I usually circumvent the problem in speech and writing by saying "That belongs to Thomas." On the surface it looks like passive voice, but it really isn't.]

*blink*

No offense, but that bears no resemblance whatsoever to the passive voice. The passive voice is a construction that reverses the subject and object, generally using a form of be and a past participle. There's nothing at all like that in that example.

I question that but solely because I haven't found any way to define 'belong to' that does not use passive voice (i.e. is possesed by, is owned by, is connected with') 'That is owned by Thomas' is unquestionably passive voice so its easy for me to see reason to argue that the extremely similar sentence 'That belongs to Thomas' is also passive voice. Wouldn't it be reasonable to consider 'belong to' one of the passive constructs that doesn't use a to be verb.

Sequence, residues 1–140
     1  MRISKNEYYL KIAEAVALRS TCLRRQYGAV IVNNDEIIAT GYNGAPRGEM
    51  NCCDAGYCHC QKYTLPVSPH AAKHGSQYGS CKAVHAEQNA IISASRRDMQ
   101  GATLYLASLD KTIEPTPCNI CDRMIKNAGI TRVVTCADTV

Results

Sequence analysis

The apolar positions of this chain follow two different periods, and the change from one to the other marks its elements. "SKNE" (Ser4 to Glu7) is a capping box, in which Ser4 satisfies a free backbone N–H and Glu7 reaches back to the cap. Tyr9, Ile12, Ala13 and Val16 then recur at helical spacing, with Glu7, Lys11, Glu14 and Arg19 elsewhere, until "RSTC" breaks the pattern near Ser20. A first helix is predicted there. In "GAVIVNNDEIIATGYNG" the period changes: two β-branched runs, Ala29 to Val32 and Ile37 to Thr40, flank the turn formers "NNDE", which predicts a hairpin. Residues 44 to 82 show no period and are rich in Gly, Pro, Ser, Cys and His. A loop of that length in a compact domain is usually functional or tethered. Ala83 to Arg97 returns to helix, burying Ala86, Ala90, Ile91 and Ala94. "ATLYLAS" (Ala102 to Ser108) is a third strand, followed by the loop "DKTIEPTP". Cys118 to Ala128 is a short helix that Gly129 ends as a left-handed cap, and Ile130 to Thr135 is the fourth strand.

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Dobbie
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"Belong" is an intransitive verb. The passive voice requires a transitive verb.
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The Rabbit
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quote:
Originally posted by Herblay:
My book editor told me to use 's --- "Thomas's" --- in all instances. She said that either is correct, but that eliminating the "s" is generally awkward and can confuse the reader. The reader is rarely confused if the "s" is included.

Constructing grammer to omit the instance is probably generally preferable, however.

I like your book editor. As far as I'm concerned, the only good reason for having a grammar is to improve clarity. A grammar rule that does not improve clarity is just pretensious elitism.
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Shmuel